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Would multiple players in a discussion/argument with an NPC all be affected by a raise that one player announces? Let's have an example:

PC1 and PC2 try to convince NPC1 to tell them more about the bruises his child has.

PC1 raises: "NPC1, please, if you want us to help your family, you have to tell us what happened!"

Then, every character affected by that raise would have to set dice. But who would be affected in this situation? My guess would be "only NPC1", but that would probably lead to the players having many, many dice and the NPC having no chance at all to win (in most cases at least). Alternatively, you could argue, that everything someone says in an argument affects all the people in that argument. How would you handle this situation? How can I give the NPC a fair chance to win the argument?

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  • \$\begingroup\$ I know that it will be hard for an NPC to win an argument against multiple people with the same opinion, but still I feel that this makes it a bit too easy for the players... \$\endgroup\$ – Patta Mar 4 '15 at 8:08
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The answer to the question "who is affected?" is a complex one entirely dependent on the narrative. Depending on what is being said and done, one, some or all of the participants may be required to see the raise.

A single NPC could theoretically keep up with multiple PC's provided that he takes actions that would require all PC's to see. Questioning their collective ethics (talking), pulling the carpet from under them (physical), swinging a big pichfork around (brawling) and using that war surplus gatling gun (guns) are all fair game for forcing everyone to see.

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  • \$\begingroup\$ You are right about that, I should try to have the npcs adress multiple pcs at once, instead of one at a time as I tend to do. But still, it's sometimes pretty hard to determine who is affected, but luckily the players can help with that decision :D \$\endgroup\$ – Patta Mar 4 '15 at 12:47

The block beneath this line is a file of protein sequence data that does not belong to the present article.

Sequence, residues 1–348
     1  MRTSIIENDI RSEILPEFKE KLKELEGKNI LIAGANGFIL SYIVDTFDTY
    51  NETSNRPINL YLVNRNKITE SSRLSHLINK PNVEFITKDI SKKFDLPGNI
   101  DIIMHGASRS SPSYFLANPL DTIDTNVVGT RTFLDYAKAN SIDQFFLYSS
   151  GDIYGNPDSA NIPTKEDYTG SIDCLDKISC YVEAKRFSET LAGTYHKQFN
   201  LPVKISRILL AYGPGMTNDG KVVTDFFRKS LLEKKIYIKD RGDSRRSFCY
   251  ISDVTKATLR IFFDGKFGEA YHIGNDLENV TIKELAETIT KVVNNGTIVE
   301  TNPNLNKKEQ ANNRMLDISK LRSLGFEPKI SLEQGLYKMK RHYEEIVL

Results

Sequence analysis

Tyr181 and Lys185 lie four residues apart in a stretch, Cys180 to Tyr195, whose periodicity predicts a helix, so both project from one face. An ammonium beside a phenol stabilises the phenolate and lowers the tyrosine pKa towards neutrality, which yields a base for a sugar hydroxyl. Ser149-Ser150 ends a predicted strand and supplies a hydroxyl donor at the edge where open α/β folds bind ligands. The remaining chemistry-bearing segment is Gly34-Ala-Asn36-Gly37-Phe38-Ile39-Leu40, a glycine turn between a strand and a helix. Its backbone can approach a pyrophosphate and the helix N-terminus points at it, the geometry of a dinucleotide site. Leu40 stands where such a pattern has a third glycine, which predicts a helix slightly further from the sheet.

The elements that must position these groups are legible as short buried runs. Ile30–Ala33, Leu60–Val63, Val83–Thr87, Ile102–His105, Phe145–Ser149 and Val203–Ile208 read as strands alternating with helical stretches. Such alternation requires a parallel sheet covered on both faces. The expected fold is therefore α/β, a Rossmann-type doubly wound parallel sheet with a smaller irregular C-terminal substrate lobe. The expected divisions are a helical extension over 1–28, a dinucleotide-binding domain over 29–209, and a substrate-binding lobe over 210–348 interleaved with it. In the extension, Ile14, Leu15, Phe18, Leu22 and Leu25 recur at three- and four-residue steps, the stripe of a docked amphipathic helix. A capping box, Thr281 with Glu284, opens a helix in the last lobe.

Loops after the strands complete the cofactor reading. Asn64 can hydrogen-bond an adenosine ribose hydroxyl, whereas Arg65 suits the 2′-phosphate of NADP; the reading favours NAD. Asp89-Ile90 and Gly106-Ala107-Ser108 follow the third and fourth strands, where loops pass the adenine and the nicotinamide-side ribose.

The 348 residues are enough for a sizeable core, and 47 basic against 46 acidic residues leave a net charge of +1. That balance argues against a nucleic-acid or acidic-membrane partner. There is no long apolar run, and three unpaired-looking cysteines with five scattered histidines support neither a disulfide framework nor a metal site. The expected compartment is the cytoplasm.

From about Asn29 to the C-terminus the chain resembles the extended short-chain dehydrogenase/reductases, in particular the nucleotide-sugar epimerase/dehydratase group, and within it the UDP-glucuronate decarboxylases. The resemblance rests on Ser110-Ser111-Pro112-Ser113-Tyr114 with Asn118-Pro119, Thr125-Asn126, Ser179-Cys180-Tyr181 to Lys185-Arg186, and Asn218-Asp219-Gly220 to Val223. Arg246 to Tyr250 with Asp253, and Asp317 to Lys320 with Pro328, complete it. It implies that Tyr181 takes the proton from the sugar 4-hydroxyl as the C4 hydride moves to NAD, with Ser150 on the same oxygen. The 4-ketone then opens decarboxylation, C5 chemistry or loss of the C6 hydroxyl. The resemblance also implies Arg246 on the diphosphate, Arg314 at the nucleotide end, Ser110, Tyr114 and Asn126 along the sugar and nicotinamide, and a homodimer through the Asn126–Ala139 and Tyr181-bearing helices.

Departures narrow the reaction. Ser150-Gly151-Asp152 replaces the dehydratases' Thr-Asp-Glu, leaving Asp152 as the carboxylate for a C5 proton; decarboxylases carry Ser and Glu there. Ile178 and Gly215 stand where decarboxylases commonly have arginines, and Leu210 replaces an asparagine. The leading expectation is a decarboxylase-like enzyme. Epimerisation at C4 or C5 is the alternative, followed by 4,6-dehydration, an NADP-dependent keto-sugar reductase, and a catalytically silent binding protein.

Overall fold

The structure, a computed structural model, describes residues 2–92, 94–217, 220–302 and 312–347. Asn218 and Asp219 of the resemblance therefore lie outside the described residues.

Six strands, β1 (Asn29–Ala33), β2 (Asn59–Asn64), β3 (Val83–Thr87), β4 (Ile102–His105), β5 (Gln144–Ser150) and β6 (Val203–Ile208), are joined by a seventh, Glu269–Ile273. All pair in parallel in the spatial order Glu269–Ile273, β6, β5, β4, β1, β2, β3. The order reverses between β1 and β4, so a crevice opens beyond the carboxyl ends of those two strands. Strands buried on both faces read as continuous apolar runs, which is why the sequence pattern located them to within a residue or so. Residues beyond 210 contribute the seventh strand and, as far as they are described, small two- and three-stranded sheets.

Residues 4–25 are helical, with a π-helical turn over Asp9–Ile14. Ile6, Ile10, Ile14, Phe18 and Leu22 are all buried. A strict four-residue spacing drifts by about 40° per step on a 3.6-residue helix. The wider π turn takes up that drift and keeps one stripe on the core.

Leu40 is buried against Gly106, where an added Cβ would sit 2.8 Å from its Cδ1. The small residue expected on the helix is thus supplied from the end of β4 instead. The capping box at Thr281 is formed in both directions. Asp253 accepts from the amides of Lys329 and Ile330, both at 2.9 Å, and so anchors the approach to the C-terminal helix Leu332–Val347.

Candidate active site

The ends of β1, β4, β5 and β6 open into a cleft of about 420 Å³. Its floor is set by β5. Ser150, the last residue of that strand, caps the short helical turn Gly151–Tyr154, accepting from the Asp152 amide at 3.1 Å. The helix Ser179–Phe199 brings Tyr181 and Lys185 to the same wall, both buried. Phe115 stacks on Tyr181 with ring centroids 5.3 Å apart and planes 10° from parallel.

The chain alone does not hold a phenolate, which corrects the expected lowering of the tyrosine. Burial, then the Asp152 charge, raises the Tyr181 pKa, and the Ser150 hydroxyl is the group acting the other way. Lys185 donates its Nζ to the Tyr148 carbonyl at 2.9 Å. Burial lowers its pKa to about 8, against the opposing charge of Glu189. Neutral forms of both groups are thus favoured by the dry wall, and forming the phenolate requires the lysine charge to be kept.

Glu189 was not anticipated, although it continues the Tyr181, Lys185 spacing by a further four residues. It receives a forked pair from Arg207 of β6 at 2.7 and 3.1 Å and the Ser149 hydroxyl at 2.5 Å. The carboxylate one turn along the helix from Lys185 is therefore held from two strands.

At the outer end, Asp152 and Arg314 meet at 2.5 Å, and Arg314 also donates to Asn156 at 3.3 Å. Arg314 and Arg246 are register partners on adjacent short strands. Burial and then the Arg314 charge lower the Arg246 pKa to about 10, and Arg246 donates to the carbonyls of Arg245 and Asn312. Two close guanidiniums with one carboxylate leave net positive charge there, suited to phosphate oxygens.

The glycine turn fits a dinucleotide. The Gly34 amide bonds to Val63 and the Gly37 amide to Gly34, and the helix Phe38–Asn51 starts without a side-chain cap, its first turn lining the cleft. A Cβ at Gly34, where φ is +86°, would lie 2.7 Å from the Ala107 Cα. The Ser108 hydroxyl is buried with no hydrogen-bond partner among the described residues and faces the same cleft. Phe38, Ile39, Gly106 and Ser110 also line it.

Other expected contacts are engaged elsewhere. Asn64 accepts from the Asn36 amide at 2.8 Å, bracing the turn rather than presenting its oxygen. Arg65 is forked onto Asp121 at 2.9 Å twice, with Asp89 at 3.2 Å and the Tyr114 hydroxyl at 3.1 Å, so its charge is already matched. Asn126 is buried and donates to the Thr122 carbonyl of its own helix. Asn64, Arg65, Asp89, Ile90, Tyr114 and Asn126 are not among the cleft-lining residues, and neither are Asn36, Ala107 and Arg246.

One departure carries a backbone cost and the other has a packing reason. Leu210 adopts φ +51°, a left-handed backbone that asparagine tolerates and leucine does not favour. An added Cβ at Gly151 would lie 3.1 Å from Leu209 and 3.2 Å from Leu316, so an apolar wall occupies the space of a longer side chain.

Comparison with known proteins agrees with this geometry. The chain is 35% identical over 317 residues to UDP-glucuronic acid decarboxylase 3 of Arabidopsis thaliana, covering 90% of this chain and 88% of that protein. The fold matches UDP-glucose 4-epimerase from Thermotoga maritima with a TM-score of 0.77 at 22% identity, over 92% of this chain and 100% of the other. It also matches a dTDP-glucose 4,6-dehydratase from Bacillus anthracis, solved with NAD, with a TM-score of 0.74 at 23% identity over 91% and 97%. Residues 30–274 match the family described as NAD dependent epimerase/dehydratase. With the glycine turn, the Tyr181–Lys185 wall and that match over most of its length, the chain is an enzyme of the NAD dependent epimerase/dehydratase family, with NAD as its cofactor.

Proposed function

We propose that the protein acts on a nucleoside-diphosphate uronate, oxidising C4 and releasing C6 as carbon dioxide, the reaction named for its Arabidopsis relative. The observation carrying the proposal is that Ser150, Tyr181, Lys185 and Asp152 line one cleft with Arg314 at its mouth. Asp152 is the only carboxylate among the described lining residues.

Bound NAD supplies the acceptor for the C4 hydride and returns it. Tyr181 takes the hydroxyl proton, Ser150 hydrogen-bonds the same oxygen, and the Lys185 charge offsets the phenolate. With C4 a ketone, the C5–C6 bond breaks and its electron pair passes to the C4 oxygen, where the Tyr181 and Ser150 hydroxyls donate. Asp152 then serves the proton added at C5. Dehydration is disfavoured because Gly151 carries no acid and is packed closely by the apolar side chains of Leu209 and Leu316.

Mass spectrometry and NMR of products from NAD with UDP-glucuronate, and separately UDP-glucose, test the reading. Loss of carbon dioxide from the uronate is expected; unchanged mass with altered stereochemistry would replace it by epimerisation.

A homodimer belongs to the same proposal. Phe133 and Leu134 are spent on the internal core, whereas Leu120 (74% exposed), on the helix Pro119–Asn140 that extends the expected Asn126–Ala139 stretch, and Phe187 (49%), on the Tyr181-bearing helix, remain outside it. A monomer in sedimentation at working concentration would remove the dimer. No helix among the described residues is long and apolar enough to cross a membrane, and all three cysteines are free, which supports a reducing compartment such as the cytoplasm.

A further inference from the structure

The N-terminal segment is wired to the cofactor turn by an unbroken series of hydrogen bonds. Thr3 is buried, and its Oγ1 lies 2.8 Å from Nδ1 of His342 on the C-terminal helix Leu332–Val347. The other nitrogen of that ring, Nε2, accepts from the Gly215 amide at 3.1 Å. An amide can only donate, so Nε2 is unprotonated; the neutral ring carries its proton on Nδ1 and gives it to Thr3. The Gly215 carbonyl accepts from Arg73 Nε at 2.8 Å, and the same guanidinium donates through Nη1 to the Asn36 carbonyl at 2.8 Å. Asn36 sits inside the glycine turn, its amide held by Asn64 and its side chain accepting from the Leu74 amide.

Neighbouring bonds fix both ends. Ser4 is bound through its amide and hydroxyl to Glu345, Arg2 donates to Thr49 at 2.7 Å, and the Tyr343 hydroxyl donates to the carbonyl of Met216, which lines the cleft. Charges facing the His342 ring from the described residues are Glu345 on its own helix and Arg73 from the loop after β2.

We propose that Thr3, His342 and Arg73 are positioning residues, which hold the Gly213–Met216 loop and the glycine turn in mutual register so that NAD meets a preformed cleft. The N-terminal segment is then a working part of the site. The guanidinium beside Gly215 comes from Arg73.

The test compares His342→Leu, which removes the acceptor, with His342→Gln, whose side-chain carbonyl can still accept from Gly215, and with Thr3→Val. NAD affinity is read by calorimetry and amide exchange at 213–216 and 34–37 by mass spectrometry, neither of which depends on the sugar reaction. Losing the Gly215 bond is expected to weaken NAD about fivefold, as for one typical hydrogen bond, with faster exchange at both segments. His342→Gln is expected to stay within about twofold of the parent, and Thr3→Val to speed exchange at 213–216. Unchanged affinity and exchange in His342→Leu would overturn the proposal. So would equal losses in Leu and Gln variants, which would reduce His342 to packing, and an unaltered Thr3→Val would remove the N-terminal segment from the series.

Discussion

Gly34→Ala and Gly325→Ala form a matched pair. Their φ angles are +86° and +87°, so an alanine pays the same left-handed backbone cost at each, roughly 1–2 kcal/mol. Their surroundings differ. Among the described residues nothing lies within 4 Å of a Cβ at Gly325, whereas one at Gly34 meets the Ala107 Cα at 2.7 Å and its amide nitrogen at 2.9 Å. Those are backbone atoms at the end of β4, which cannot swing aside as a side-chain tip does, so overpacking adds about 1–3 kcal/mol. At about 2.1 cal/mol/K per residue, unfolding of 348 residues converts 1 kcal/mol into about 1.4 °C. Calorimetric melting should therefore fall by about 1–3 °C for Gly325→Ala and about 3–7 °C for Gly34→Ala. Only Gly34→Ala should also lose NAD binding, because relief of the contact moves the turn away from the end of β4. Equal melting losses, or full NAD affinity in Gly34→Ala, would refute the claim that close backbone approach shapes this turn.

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How Far Will You Go?

The question of who is affected by a raise, and how easily the PCs can overwhelm most NPCs when working together, is an important consideration when running Dogs. But there is another consideration in Dogs in the Vineyard, which I think is even more important.

How far will you go to get what you need? The question is not only one of winning, it's one of what you are prepared to do. The GMs role in the game is to push that boundary, to take the PCs to the edge, and then push them over it.

NPC1 jumps up, hands balling into fist, eyes burning with rage, but also fear, and it ain't fear of you. "My family's none o' your business, dog! Now get out 'fore I whup you good!"

NPC1 has just escalated to Physical, using his size, strength, and anger to intimidate. He's prepared to go to fighting. Something has him more scared than the dogs do.

Are the Dogs prepared to beat down this frightened man just to get answers? Because they certainly can. How Far Will You Go, Dog?

An example I always liked to use in explaining this is the boy who won't eat his brussel sprouts. It is certainly possible to escalate a conflict involving a boy who won't eat his veggies all the way to gunplay. It is even allowed within the setting. After all, that boy must obey his father. But... are you really gonna draw down on a kid for not eating his greens? Really?

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